Tag: Training

72% of senior staff admit to lack of training and development  
Learning and development programmes need urgent attention according to CoachHub’s 2021 Global HR Survey.

To meet the demands of today’s workforce, companies need to adapt to the needs of individual employees and research has revealed that only two in five companies do this. Almost half (45%) of businesses only provide standardised offerings to all workers and employees aren’t happy with their current training programmes; with 72% of those in senior training and development roles admitting that their staff feel there is a lack of training and development initiatives.

Almost all (92%) respondents believe that training and development budgets will increase in the year ahead, which is creates great opportunities to grow and develop organisations.

Juliane Sterzl, Senior Vice president for EMEA at CoachHub said: “Currently, organisations do not appreciate the full potential of training and development programmes that are out there. While minor adjustments following widespread remote working were implemented, many solutions were simply digitally-adapted rather than being digital first by design. Today, workers need more sophisticated, personalised approach.”

Almost all leaders (97%) believe that it is important to adapt their employee training and development programme to the current business climate with 77% of respondents agreeing that there is a great need to invest in employee training and development post pandemic and remote working.

The survey results show that 70% of decision makers identify that their employees are interested in a return to face-to-face learning and training following a switch to digital during the pandemic. “The large proportion of people longing for face-to-face contact actually signals that we’re craving more human interaction and collaboration than some of the digital tools allow. It’s not about ditching digital development completely, but instead better marrying the convenience and increased accessibility that digital platforms provide, with the real interactions that we once associated with physically meeting with people,” commented Sterzl.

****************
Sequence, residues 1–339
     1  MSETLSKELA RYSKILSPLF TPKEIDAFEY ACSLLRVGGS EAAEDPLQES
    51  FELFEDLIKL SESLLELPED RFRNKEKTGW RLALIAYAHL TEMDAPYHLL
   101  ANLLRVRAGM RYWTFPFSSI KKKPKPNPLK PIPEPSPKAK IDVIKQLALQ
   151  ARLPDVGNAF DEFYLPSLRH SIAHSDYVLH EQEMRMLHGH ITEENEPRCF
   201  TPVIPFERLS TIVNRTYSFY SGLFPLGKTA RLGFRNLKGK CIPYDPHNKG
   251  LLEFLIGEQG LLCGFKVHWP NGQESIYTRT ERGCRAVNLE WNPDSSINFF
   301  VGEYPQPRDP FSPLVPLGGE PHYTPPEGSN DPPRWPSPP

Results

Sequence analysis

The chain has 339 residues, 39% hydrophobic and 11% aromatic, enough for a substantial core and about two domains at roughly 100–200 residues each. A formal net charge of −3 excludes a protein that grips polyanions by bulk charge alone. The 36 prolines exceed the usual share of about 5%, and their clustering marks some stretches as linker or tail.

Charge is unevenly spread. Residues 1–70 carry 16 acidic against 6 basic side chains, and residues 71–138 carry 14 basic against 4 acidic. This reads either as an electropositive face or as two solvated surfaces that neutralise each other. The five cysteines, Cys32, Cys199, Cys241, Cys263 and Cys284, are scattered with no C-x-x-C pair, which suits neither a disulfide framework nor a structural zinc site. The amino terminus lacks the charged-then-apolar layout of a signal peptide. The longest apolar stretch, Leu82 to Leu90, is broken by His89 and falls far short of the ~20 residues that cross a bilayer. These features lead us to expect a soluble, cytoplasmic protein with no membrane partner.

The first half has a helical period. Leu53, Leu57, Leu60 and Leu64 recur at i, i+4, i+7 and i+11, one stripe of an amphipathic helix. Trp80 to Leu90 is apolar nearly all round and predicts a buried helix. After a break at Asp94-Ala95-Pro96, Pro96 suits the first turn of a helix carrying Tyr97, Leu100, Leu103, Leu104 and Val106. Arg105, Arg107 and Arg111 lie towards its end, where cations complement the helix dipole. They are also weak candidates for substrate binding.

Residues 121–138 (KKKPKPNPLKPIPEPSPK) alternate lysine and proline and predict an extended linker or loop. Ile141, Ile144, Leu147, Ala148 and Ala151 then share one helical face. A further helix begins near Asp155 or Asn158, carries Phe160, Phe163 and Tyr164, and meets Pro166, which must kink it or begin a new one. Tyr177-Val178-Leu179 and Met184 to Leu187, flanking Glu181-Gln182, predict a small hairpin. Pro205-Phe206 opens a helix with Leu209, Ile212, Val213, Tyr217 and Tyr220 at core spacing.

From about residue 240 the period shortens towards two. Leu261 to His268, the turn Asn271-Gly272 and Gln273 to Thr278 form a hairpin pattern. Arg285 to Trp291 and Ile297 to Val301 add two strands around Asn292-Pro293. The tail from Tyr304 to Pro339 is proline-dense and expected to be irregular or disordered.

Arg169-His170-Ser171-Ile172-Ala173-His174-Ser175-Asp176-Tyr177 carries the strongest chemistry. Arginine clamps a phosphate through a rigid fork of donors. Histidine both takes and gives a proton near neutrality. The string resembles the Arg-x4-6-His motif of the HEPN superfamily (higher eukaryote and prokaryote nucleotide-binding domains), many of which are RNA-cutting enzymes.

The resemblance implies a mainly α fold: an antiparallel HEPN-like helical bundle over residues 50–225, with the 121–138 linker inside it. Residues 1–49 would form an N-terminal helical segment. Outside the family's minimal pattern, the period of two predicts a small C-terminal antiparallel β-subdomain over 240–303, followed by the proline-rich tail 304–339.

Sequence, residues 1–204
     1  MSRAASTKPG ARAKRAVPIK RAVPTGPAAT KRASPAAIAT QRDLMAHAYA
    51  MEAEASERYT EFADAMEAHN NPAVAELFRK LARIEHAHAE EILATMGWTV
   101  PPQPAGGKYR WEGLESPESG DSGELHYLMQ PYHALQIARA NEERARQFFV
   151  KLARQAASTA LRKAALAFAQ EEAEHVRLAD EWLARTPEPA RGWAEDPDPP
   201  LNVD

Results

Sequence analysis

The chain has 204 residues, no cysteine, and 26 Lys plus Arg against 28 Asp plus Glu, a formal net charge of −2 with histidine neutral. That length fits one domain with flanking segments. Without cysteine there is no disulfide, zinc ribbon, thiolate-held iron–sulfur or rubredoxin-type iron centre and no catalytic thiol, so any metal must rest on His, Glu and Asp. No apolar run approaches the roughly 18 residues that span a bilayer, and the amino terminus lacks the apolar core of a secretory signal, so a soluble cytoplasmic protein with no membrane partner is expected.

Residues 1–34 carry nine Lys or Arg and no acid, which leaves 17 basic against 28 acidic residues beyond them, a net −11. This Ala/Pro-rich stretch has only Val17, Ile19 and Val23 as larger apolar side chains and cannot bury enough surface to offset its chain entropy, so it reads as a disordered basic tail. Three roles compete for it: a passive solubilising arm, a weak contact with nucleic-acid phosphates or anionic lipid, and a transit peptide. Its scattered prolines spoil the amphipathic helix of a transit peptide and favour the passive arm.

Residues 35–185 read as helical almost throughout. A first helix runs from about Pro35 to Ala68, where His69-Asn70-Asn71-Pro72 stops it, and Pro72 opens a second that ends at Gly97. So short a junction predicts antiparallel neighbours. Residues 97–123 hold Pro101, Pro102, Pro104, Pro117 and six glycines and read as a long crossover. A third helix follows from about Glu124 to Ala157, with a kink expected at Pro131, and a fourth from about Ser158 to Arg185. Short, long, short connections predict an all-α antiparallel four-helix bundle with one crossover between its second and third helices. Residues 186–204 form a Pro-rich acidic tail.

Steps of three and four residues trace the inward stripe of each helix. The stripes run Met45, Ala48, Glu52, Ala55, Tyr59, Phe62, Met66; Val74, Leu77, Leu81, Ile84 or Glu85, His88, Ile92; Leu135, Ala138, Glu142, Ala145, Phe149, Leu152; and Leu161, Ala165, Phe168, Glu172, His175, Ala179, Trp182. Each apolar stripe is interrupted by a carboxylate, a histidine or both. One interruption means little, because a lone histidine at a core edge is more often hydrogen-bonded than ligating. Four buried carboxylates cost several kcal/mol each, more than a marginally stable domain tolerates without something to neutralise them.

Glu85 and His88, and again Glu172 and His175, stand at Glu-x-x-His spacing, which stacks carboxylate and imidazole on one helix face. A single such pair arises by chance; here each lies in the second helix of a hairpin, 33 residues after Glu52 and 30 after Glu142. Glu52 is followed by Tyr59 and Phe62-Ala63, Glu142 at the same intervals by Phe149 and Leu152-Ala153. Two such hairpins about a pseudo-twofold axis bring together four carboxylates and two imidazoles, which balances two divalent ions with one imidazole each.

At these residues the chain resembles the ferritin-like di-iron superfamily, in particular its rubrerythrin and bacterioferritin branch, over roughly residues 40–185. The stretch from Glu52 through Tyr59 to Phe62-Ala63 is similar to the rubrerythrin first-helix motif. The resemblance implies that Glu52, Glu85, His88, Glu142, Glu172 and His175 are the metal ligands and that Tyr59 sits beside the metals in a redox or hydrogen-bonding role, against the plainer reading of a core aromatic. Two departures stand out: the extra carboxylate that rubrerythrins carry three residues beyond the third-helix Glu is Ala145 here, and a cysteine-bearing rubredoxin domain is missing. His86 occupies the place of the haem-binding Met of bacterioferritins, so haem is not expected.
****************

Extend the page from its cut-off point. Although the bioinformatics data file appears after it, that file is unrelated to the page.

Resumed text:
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Reskilling workforce key to plugging skills shortage hole

The newest McKinsey Global Survey on reskilling has highlighted the urgency needed to address massive skills gaps across all industries. The accelerated move towards digitization and remote work has placed new demands on employees who now require different skills to support significant changes to the way they work and to the business priorities their companies are setting.

Most of the survey respondents said that skill building (more than hiring, contracting, or redeploying employees) is the best way to close skills gaps and that they have accelerated their efforts to reskill or upskill employees since the start of the pandemic. The results also pointed towards a shift in the most important skills to develop, which leaned towards being social and emotional in nature, for example, empathy, leadership, and adaptability.